UK small businesses plan to hire

They provide jobs for more than 15.6 million British workers, and one in three small and medium-sized companies are planning to take on more in the months ahead.

However, new research from eBay also shows that the men and women at the helm of Britain’s thriving small businesses are defying convention when it comes to what makes a good employee.

The company’s Employee Skills Index, released today in partnership with YouGov, suggests that practical skills gained through hands-on experience are valued more highly by small and medium-sized enterprises (SMEs) than traditional accomplishments such as academic achievement.

The Index reveals that the majority (56 per cent) of SME employers are agnostic about age, placing value on experience above all else.

That is good news for older workers, with 900,000 more 50-64 year olds now in work than in 2010.

Seven in ten SME recruiters describe an applicant having a degree as ‘unimportant,’ favouring soft skills instead.

Some 61 per cent of small business bosses favour candidates with a strong grasp of marketing and advertising, and half (51 per cent) of SMEs place importance on a candidate’s ability to use social media highlighting its increasingly important role in the marketing mix.

Nielsen research reports that 50 per cent of shoppers make purchases based on the recommendations on social media websites.

Digital skills are favoured by 56 per cent of recruiters, and specialist digital capabilities like coding is appealing for 41 per cent. Small businesses are seeking to bring this expertise in-house to optimise their online shop window.

Tanya Lawler, vice president at eBay UK says, ‘The nature of business, especially online retail, is changing rapidly. Our business-savvy SME community is on the look-out for versatile talent, regardless of age, background or gender, with the personable skills and life experience to help them develop and grow.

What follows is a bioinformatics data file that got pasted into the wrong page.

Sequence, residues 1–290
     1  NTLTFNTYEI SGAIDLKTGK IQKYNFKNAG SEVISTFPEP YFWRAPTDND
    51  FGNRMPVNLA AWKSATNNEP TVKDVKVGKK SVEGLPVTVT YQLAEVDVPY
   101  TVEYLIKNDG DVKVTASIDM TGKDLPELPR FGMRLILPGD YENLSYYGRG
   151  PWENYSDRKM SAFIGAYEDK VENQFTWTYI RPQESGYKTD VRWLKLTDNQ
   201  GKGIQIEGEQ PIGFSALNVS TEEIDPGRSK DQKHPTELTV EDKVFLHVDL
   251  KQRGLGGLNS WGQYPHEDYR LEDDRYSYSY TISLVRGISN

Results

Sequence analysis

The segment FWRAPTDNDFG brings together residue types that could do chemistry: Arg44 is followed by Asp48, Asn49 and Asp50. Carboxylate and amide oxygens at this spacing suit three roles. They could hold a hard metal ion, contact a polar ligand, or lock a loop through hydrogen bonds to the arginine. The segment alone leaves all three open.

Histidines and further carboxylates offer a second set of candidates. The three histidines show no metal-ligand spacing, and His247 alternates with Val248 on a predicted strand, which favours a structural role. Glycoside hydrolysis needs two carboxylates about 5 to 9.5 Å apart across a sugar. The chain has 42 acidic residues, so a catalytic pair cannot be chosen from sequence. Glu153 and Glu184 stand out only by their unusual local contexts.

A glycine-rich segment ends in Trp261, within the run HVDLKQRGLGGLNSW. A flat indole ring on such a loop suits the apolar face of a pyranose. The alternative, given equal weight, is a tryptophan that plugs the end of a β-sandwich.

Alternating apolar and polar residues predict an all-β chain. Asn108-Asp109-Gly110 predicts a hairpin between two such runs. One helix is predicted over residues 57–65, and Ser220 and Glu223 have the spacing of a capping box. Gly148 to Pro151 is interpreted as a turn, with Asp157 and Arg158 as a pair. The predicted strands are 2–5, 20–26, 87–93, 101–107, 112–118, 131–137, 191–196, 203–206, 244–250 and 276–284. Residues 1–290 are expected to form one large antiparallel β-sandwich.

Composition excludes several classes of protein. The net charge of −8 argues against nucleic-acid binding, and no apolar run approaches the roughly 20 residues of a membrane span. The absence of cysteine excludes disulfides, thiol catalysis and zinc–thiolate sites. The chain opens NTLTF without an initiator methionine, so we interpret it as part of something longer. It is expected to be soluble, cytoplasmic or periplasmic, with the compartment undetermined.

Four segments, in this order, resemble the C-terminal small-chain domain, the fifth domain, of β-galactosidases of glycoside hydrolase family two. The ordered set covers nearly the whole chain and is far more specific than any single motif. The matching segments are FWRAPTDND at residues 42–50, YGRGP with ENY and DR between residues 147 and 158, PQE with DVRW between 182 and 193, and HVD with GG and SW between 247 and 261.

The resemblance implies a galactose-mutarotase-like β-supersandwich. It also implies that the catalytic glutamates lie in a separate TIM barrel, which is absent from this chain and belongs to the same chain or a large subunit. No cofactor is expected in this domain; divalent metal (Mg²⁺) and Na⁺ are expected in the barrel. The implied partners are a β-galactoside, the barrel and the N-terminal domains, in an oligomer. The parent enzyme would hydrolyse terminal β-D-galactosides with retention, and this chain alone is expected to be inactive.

‘It’s good news for the online retail space and for new hires as recruitment picks up in 2016.’

Karl Baxter, founder of Dorset-based firm Wholesale Clearance UK Ltd, which employs 15 members of staff, spent 11 years as a boat builder, where on any given day he had to be an electrician, plumber and engineer in order to have competencies across all aspects of the boat.

‘That set my mind straight that no single day should be the same, and is why we train everyone to have capabilities across all aspects of the business, from marketing, sales and front-of-house activity to admin and packaging,’ he says.

‘Being social media savvy is now intrinsic to all of this because the entire nature of word-of-mouth has been changed by new media. Even a packer in the warehouse has to understand that the presentation in the box they are packing could have an ongoing social media impact with pictures being taken and shared with the world.’

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Ben Lobel

Ben Lobel

Ben Lobel was the editor of from 2010 to 2018. He specialises in writing for start-up and scale-up companies in the areas of finance, marketing and HR.

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